My best friend’s boyfriend’s roommate hates President Obama and yesterday when I was over at their apartment he kept saying things like “I hate that stupid black idiot” and on the same breath say “I’m not racist, I just can’t stand the guy.” Everyone who knows me knows very well that I don’t get into political discussions, nor do I give into provocations, so it was all I could do to not snap at him. I’m not African American, but I was born and raised in Africa, and I have pretty thick skin and am not easily offended, but the kid (because that’s what he really is, even though he’s 22 going on 23) was really getting on my nerves. He was born and raised in the south and is a die-hard patriot, and he’s doing nothing to help with the perception most people have of southerners as being racists. Though, I must say, I do have a lot of friends who are from the south (including my best friend, who happens to be a Democrat and a supporter of President Obama) and he’s the only one of two people I know who is such a douche about it (the other one is my roommate, a Mormon from Utah, but at least she doesn’t attack the President for being black), so his ignorance has not affected my opinion of southerners.

Brian1946's avatar

According to the Southern Poverty Law Center, the number of hate groups has risen to more than 1,000 in recent years, so that number might reach 2,000 in the next four years.

sinscriven's avatar

@marinelife : It is, just the intent of this seems more vindictive maliciousness than an act of justice. Doesn’t mean they don’t have it coming, that’s for sure.

marinelife's avatar

@sinscriven Where is the maliciousness in holding them responsible for something they wrote in a public forum? Nothing would have happened to them if they had not said what they said. They are responsible for their own downfall.

Unbroken's avatar

I don’t really have anything to say about this other then it makes me sad.
It brings in sharp relief the people who would never use this type of language. And shows the character of those that do.
That being said i like free speech. And this should not be about whether it is allowed. These people will still exist whether they have a voice or not. I think this should be an opportunity to look at what creates these racists and how to avoid this in future generations.

Unbroken's avatar

@marinelife what would be the consequeces of that. Politician’s spout hate all the time, how can we allow our leader’s to engage in this behavoir and punish citizen’s. More lawsuits, more resentment? A shushing of dialogue about ethnicity and cultural divides rather then a forum for open dialoge and acceptance?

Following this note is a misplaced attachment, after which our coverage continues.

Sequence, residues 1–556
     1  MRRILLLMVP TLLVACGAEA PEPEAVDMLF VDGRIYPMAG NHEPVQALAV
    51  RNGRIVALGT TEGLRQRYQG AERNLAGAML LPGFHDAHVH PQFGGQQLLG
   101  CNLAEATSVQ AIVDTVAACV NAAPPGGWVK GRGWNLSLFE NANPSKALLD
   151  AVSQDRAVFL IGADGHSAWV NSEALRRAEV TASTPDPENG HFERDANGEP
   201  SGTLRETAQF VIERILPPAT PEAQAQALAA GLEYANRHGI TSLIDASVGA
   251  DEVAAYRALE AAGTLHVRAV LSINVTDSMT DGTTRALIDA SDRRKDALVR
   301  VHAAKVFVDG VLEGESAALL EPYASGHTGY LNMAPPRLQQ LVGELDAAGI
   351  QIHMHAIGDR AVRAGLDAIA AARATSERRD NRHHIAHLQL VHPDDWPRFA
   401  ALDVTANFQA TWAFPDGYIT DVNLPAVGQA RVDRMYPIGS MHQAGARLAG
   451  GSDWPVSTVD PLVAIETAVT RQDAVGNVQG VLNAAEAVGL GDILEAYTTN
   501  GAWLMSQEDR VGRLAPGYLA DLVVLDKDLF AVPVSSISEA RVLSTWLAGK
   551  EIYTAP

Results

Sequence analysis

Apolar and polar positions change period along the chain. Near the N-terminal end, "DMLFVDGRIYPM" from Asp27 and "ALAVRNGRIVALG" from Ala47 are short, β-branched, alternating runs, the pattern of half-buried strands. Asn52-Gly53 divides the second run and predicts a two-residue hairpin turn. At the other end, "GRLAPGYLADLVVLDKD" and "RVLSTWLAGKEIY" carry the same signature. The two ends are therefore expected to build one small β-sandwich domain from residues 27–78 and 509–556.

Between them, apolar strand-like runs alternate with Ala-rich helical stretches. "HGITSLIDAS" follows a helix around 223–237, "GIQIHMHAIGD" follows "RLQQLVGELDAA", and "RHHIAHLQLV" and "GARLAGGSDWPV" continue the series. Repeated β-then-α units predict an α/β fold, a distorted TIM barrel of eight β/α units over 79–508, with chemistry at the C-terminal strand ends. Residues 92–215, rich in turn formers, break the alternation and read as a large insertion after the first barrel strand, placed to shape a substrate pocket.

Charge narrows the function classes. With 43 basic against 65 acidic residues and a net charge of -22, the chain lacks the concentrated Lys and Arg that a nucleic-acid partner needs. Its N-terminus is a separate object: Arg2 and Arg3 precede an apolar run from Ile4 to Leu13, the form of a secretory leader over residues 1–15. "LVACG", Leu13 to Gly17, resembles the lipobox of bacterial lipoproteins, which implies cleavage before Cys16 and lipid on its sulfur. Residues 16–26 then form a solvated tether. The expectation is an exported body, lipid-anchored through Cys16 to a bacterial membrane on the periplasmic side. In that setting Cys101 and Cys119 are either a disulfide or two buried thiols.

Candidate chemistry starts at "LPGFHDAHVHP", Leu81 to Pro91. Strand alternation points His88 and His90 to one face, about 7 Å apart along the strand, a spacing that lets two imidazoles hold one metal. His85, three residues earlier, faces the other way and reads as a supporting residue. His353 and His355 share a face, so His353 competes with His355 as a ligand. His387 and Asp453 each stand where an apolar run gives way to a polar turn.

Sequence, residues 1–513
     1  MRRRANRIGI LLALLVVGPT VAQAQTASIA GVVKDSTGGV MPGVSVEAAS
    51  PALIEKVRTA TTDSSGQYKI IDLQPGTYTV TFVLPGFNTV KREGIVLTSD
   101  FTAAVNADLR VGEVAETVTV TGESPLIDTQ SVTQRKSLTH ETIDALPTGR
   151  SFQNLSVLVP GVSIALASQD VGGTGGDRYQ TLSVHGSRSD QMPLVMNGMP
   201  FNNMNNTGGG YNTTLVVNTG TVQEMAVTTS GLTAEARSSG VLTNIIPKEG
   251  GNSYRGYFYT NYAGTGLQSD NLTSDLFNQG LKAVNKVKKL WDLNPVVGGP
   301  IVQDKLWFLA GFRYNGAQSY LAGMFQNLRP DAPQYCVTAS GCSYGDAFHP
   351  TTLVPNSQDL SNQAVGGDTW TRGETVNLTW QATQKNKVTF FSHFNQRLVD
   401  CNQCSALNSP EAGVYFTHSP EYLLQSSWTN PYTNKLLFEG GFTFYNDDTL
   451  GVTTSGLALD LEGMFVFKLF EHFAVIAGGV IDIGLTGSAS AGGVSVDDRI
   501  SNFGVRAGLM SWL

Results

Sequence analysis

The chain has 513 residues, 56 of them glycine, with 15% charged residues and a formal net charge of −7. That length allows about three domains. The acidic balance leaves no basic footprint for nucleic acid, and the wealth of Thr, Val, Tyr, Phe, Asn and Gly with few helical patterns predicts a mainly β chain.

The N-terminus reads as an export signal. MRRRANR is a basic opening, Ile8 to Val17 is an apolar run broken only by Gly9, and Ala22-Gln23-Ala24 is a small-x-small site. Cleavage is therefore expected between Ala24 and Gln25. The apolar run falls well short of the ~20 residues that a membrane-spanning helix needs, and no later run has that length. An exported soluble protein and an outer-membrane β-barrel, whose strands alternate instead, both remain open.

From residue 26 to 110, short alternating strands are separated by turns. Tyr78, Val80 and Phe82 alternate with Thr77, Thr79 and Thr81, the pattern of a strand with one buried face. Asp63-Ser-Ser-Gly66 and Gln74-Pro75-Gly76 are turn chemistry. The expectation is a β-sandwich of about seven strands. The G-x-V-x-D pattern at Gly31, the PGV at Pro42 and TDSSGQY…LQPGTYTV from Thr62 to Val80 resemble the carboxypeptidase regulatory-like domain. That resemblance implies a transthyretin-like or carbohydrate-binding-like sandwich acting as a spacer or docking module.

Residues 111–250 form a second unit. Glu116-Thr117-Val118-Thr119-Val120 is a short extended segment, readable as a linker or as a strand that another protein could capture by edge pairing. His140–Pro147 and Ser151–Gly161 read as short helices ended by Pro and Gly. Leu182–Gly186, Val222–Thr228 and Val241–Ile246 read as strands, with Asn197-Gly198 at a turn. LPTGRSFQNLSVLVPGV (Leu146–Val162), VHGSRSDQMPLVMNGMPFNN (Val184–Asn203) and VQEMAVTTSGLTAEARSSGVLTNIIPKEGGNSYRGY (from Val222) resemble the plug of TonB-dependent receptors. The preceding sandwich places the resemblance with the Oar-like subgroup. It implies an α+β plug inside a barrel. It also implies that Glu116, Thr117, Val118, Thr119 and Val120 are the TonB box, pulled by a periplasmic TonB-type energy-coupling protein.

We spend our life being polled by our race or culture and then we question why the land of the free is filled with double standards?

Fly's avatar

Though such hateful and derogatory statements are deplorable, I don’t think that it is our responsibility to retaliate. It is one thing to call attention to the malicious posts in general, but singling out students who are applying for scholarships and then specifically tipping off the scholarship organizations is just spiteful. That person might have affected their future, a future in which they hopefully become more educated and less hateful. And really, I suspect that the only message that any of them will learn from this is that they were right to hate Democrats and to continue along their bigoted path. That said, that person had just as much a right to inform the scholarship organizations as the Twitter members did to post the original content, and those members should be prepared to accept the potential consequences of their poor judgment.

Adirondackwannabe's avatar

@Fly Impressive answer. I used to throw thunderbolts around when I was younger.I’ve gotten a lot wiser and more tolerant as I’ve aged.

marinelife's avatar

@rosehips Where is the data to back up what you are saying about our leaders and politicians?

They can’t say anything bad without being called on it and suffering severe consequences just like Akin and Mourdock.

livelaughlove21's avatar

@KNOWITALL, I couldn’t have said it better.

Those people are ignorant monsters and, yes, they should be held responsible for what they put on the Internet for the world to see. However, what would trying to keep them from being educated solve? Not a thing. If anyone needs some schooling, it’s these individuals. Dislike them all you want, say whatever you want to them, but free speech is free speech no matter how stupid and hateful you are.

This information is online, easy for anyone to find. There’s no need to facilitate it.

augustlan's avatar

I couldn’t agree more with @Fly. Also, I couldn’t be prouder that she’s my kid. </mombragging>

Unbroken's avatar

@marinelife, you are correct, I bow to your superior intellect. All kidding aside, rascist speech was considered patriotic speech not so very long ago.
I also say I have reconsidered my position on demographic cultural polling, it was a shot in the dark but it was a miss. Burying cultural differences and ignoring minority factions would just be another way of silencing these groups. So I apologize I got carried away on an ill thought out tangent.

I do agree with @Fly the most, brillaint.